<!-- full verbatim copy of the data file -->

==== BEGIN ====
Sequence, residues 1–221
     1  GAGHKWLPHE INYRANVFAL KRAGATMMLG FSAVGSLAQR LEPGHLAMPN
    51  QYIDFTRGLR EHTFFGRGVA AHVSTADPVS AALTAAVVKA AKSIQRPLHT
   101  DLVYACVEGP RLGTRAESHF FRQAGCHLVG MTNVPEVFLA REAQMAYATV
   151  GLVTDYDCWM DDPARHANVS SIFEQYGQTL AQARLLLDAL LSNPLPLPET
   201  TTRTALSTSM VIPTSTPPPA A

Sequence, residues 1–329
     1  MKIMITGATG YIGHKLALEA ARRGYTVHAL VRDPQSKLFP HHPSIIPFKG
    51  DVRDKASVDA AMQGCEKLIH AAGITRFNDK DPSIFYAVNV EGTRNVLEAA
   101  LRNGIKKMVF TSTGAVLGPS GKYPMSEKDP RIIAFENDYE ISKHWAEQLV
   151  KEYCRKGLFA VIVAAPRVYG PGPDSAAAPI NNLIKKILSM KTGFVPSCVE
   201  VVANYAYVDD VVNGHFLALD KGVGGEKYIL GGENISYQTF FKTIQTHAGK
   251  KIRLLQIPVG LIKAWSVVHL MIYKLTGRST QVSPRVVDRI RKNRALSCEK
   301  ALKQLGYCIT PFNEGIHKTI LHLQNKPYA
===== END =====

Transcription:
Sequence, residues 1–221
     1  GAGHKWLPHE INYRANVFAL KRAGATMMLG FSAVGSLAQR LEPGHLAMPN
    51  QYIDFTRGLR EHTFFGRGVA AHVSTADPVS AALTAAVVKA AKSIQRPLHT
   101  DLVYACVEGP RLGTRAESHF FRQAGCHLVG MTNVPEVFLA REAQMAYATV
   151  GLVTDYDCWM DDPARHANVS SIFEQYGQTL AQARLLLDAL LSNPLPLPET
   201  TTRTALSTSM VIPTSTPPPA A

Sequence, residues 1–329
     1  MKIMITGATG YIGHKLALEA ARRGYTVHAL VRDPQSKLFP HHPSIIPFKG
    51  DVRDKASVDA AMQGCEKLIH AAGITRFNDK DPSIFYAVNV EGTRNVLEAA
   101  LRNGIKKMVF TSTGAVLGPS GKYPMSEKDP RIIAFENDYE ISKHWAEQLV
   151  KEYCRKGLFA VIVAAPRVYG PGPDSAAAPI NNLIKKILSM KTGFVPSCVE
   201  VVANYAYVDD VVNGHFLALD KGVGGEKYIL GGENISYQTF FKTIQTHAGK
   251  KIRLLQIPVG LIKAWSVVHL MIYKLTGRST QVSPRVVDRI RKNRALSCEK
   301  ALKQLGYCIT PFNEGIHKTI LHLQNKPYA